Thursday, May 20, 2010

Podunk Below the Masthead (Thursday, May 20, 2010)

A local daycare operation expands, School District 52 may soon be discussing cameras in the schools and the Kootenay Community Garden gets a little bit closer to completion, some of the items for your Thursday review.

Daily News, front page, headline story
LOCAL DAYCARE EXPANDING - MORE ROOM FOR BABIES AND YOUNGSTERS -- Details on the addition to Discovery Child Care Centre on Prince Rupert Boulevard, which will double it's capacity to 32 when it opens in June.

The ability for School District 52 to place cameras within classrooms and other school property could be a step closer after Bill 20 amendments work their way through the legislative process in Victoria. However, while some schools in the District currently use some cameras, the use is not widespread and  School District 52 chair Tina Last suggests that any increased use of video surveillance could be a controversial issue in Prince Rupert and may be a way off in the future just yet.

The British Columbia Maritime Employers and the International Longshore and Warehouse Union will continue to battle over who has the best interests of female workers at heart as a human rights suit continues on to the next stage. The issue has become intertwined with the current round of labour negotiations between the employers and union representing British Columbia's estimated 3000 maritime workers.

The Sports section features a look at last weekend's panhandle games, the track and field event held at the Charles Hays field.

(Daily News Archives for Thursday, May 20, 2010)

Local Daycare expanding - more room for babies and youngsters 
Cameras in the classrooms? 
Her House burned down in Port Simpson 
BCMEA and ILMEA dispute
Rupert landfill - messing with the mass

The Northern View
No new items posted to the Northern View site for Thursday.

CFTK TV 7 News
Taxi Driver Bear Sprayed -- A review of the Haysvale assault of a Skeena Taxi cab driver earlier this week (see article here)

CFTK TV 7 News
Help our garden grow -- Details on the progress of Prince Rupert's Community Garden at Kootenay Field on the west side of town (see article here) Sahar Nassimdoost's report can be (viewed here)

CBC News British Columbia, Daybreak North
Daybreak North is only posting selected items on their website now. 

The most recently posted items can be found on the archive page for Daybreak North click here

Daily News, front page, headline story
Local Daycare expanding - more room for babies and youngsters
By Monica Lamb-Yorski
Staff Writer 
Prince Rupert Daily News
Thursday, May 20, 2010

 Discovery Child Care Centre on Prince Rupert Blvd. will be opening a brand new additional building in June.

Initially the centre opened in 1996 to accommodate teenaged parents attending nearby high schools. It was licensed to care for children up to three years old.

Five years ago, Prince Rupert Options for Social Growth Society, the not-for-profit organization running the centre, set a goal to expand and create a space for children three to five years old.

This will allow the centre to care for children from the time they are born until they enter school, said Manager Leah Jowe.

Jowe was promoted to manager last November, after working at the centre since the summer of 2009.

She has worked in early childhood education for the last six years, previously in Vancouver.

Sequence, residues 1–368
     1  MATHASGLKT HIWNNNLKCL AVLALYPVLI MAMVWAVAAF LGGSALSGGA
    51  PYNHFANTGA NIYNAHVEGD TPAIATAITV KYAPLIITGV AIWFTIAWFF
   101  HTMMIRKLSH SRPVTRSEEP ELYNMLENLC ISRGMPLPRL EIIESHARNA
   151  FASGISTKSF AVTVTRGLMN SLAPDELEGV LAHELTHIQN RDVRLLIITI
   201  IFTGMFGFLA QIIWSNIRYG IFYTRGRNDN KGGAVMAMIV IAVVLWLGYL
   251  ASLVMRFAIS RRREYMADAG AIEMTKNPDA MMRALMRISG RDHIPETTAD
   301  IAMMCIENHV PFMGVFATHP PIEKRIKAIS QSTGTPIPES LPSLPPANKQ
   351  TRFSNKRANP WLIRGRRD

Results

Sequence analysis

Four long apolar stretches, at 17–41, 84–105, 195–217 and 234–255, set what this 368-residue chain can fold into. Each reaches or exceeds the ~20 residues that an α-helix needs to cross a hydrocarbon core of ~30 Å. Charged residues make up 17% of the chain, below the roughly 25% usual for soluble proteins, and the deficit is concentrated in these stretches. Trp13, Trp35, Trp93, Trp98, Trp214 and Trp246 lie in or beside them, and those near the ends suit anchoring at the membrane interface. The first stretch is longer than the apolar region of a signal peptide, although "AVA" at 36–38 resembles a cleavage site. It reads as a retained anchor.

“I’m from Prince Rupert and decided to come back. My family is still there,” Jowe said, adding that she was a high school student at CHSS when the daycare opened.

In Vancouver, she was involved with children over three and has really enjoyed working with babies.

 “Some of the babies were a lot smaller when I started in the summer and I’ve seen them developing their personalities. You can have the little class clown or the quiet shy one. It’s been an awesome experience to get to know them. Most of them are around the same age and at about a year they start walking,” Jowe commented. 

According to Jowe, a previous manager applied for the license to allow the centre to care for children over the age of three.

 “We received a new license which changed us into a building with one side for infant and toddlers and the other side, multi-aged care, which means we can have one infant, three children under the age of three and the rest of them have to be between the ages of three and five,” Jowe explained.

Most of the children are in care for the full workday, while three belong to teen parents and are usually picked up by 3:30 p.m., when the school day is over.

The main focus remains to assist teen parents with being able to finish their high school education, but there aren’t as many children of teen parents as there were in the past.

 “It’s a tough one. I’d like to think that it’s because there are less teen parents, but you go downtown and you see quite a few young moms with babies. Hopefully we can promote continuing on with your education. It is really hard though, I couldn’t imagine being a teen parent,” Jowe commented.

Once the new building is opened, children between ages three and five will be accomodated there, while the original building will be used for children that are under three.

Peggy Julseth, Northwest Housing Development Consultant from Terrace, has managed the building project. “We received financing from the Ministry of Children and Families with some extra financing from Northern Savings Credit Union.

We were approved some time ago, but it was quite an exercise to get it under construction,” said Julseth. Through the project, Julseth has worked with the society and its building committee. “We [currently] have a capacity of 16 children and the new building will give us an additional 16 spots,” Julseth added.

A grand opening of the new facility will take place on June 8, 2010 at 1:30 p.m.

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